Federal officials tasked with updating records management systems want better guidance on which records must be preserved and a schedule for when they should be turned over to the National Archives and Records Administration, Archivist of the United States David Ferriero said Wednesday.
The officials also think NARA's Electronic Records Archive , which Ferreiro called "clunky," should be updated.
"We need to make the ERA much more user-friendly; that came through loud and clear," Ferriero said.
NARA hasn't publicly released agencies' records management reviews, which were due in late March, but Ferriero described common themes in responses during a question-and-answer session at the FOSE 2012 government technology conference.
President Obama ordered agencies to produce the reviews in a November 2011 memo , which argued federal records management hadn't kept pace with the volume and velocity common to the Digital Age. NARA and the White House plan to turn the reviews into a "governmentwide records management framework."
Records now are managed primarily on an agency-by-agency basis with little cooperation. About 95 percent of agencies fail to meet statutory requirements for maintaining their records, according to a NARA estimate based on agency self-assessments.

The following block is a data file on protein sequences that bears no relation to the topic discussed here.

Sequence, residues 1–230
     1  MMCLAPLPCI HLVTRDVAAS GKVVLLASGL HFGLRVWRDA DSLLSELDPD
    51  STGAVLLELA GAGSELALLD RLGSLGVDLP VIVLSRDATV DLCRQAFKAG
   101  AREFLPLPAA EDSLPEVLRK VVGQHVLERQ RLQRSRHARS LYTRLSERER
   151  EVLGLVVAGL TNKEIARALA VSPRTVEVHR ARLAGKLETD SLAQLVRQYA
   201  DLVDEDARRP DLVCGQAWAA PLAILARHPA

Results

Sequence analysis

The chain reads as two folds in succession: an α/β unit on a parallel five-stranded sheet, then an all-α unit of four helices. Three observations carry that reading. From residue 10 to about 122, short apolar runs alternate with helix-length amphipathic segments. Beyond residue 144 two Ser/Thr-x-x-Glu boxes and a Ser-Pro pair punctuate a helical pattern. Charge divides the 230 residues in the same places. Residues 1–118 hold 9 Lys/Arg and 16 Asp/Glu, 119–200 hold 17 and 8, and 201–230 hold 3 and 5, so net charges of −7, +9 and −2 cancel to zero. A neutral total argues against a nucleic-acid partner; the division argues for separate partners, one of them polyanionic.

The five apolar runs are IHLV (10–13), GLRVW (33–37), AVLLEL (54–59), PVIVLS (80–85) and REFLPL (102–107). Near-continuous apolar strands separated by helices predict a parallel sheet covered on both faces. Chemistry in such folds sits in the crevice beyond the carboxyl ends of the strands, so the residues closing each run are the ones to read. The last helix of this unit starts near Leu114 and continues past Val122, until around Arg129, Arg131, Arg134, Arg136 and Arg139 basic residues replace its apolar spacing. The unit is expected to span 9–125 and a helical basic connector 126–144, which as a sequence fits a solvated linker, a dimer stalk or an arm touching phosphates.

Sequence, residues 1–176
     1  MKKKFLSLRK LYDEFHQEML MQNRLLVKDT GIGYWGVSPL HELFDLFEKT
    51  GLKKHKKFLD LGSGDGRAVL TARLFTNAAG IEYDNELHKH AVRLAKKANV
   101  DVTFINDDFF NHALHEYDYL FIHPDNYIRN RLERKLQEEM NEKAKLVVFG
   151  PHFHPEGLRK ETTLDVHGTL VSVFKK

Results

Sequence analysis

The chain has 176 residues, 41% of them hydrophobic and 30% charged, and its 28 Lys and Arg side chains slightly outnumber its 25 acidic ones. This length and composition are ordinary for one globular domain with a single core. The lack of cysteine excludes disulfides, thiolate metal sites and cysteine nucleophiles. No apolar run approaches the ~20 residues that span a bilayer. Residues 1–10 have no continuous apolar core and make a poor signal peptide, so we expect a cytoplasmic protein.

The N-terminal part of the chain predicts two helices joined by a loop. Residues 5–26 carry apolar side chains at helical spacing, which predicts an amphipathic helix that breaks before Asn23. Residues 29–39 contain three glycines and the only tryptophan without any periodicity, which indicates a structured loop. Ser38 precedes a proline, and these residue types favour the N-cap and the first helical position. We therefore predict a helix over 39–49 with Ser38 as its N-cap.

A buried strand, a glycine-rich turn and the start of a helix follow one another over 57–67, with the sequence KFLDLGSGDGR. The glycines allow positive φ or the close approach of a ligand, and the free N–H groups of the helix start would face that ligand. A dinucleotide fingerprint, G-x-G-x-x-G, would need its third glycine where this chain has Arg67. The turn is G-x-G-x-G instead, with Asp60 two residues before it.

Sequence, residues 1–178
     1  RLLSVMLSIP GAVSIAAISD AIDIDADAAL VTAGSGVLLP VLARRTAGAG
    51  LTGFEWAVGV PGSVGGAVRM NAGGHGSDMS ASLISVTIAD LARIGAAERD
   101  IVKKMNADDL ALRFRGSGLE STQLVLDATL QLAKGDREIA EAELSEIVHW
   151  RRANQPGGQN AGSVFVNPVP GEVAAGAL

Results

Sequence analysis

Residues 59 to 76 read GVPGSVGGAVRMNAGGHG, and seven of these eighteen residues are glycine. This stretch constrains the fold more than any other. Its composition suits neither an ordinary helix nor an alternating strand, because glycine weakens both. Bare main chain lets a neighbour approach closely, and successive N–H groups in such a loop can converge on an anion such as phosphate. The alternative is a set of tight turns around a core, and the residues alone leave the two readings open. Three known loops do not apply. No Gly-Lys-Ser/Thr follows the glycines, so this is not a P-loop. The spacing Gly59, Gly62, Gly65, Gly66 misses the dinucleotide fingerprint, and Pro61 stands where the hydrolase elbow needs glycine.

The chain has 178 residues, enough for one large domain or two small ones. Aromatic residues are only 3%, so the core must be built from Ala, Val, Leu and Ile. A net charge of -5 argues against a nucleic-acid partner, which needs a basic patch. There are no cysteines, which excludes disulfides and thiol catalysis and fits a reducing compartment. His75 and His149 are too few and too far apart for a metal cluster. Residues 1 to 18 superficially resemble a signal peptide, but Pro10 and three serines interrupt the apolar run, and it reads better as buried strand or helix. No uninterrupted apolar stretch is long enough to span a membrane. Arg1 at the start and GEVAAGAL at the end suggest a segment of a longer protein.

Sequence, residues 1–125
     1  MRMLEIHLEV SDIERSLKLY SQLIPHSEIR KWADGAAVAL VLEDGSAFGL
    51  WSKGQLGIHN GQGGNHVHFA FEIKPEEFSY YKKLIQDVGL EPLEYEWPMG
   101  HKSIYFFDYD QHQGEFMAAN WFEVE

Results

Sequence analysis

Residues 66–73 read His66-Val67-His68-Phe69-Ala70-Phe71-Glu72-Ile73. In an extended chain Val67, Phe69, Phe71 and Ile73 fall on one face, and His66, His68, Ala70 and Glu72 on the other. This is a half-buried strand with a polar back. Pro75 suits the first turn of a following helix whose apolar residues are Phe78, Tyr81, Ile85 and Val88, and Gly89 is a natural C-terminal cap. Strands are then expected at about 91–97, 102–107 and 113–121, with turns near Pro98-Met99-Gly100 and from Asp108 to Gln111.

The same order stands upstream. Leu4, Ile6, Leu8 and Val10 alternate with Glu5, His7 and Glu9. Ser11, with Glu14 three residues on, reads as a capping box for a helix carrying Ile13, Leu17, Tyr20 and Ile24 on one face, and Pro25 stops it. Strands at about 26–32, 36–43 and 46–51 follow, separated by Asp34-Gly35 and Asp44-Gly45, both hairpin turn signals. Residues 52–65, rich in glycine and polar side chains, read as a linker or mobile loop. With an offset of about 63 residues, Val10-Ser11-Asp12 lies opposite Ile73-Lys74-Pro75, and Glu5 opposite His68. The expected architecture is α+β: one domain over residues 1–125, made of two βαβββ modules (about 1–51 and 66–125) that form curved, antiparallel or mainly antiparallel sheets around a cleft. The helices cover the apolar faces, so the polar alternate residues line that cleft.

Most of NARA's General Records Schedules , which govern how agency records should be maintained, were written before the age of electronic records. Agencies generally aren't required to turn over records to NARA for 30 years, or more, after they are created, making it unlikely older documents will be stored in a file format that contemporary computers will be adept at or even capable of reading.
Ferriero has suggested reducing that lag time to a single presidential administration whether it lasts one or two terms. That's the lag time for most White House records.
NARA has been collecting input on possible records management reforms on an IdeaScale crowdsourcing page.
During Wednesday's discussion, Ferriero also described a NARA project to help the Veterans Benefits Administration scan its paper records in a clear, legible form. In the future, he said, NARA might offer scanning as a service to other agencies. That would fit with federal Chief Information Officer Steven VanRoekel's focus on increasing shared services across government, he said.